Popular Vagabound Aphid – Mordwilkoja vagabunda

Popular Vagabound Aphid (Mordwilkoja vagabunda)

Latin Name: Mordwilkoja vagabunda

Common Name: Poplar vagabond aphid


  • Vagabond gall aphids come in various body shapes, sizes, and colours, depending on their age and generation.
  • They are winged or wingless and range in length from 0.6 to 4.6 millimetres (2/100 to 18/100 of an inch).
  • They range in hue from light green to dark brown.
  • The vagabond gall aphid is easily identified by its affinity with galls.
  • The aphid will always be found within its galls, except for brief times of movement on or between plants.

Hosts plants: Aspen primarily, but occasionally other Populus

Damage insect caused by Mordwilkoja vagabunda: 

Aphids feed on the growing leaves, causing them to become deformed and fold into leathery galls. Galled leaves tend to stay on trees and aren’t evident until after the typical fall of leaves.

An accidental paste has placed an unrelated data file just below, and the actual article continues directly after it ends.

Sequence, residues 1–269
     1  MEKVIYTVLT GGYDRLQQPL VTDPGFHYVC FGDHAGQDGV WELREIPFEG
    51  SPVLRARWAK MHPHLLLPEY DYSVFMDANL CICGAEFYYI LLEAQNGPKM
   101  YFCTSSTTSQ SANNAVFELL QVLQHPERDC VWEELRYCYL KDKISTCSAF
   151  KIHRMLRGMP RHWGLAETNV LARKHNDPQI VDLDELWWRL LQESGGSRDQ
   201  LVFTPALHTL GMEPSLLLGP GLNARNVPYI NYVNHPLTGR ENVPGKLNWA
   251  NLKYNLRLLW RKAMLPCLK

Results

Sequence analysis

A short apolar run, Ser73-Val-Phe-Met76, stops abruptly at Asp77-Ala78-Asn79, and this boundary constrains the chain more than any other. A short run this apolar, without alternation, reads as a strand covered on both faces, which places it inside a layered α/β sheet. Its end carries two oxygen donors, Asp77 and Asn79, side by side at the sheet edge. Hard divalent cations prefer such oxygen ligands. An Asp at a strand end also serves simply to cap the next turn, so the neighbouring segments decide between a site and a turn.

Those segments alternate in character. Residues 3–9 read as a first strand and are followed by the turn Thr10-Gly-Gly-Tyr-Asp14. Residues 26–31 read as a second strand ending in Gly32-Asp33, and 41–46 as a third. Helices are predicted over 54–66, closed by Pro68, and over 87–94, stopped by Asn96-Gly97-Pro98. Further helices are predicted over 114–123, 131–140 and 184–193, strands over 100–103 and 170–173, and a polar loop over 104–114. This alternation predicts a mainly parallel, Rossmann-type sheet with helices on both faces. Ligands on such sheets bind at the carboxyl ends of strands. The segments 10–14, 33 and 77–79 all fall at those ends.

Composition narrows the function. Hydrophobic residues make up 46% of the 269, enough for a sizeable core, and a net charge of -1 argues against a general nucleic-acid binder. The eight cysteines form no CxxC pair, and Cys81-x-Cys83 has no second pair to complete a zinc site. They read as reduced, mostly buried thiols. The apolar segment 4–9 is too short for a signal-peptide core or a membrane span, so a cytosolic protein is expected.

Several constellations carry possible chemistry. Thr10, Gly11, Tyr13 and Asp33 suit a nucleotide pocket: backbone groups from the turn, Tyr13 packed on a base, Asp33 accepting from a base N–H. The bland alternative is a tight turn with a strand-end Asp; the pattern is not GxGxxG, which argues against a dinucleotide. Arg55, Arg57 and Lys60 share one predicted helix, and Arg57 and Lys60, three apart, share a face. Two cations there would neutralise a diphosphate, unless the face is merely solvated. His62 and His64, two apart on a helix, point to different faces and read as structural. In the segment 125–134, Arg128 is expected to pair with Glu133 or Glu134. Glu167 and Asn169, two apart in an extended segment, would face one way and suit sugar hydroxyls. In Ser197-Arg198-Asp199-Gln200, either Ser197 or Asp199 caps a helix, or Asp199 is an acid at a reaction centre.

Beneficial garden insects:

Some bugs are beneficial to the garden. These wonderful guys are known as “beneficial insects,” and they may be extremely useful to your garden by devouring pest insects that would otherwise consume your plants. Here’s a rundown of some of the most popular helpful insects and how to get them into your garden.

Some beneficial garden insects are given:

  • Ladybirds (Coleoptera)
  • Lacewings (Neuroptera)
  • Hoverflies (Diptera)
  • Parasitic wasps (Hymenoptera)
  • Solitary bees (Hymenoptera)
  • Ground beetles (Coleoptera, Carabidae)
  • Butterflies and moths

Life History and Habits: 

During its life cycle, the poplar vagabond aphid has two hosts. Eggs deposited in bark fissures or old galls on aspen or other Populus species are the overwintering stage. The aphids feed on the increasing ends of twigs when the eggs hatch in the spring. Feeding causes big irregularly shaped galls to grow on twig tips.

Aphids with wings leave the gall early in the summer and fly to a summer host. Although no known local hosts in the area, loosestrife is a common substitute host in other locations. After many generations on this host, where they may be found on leaves, stems, and roots, winged stages are generated, which fly back to Populus in early fall, mate, and lay overwintering eggs.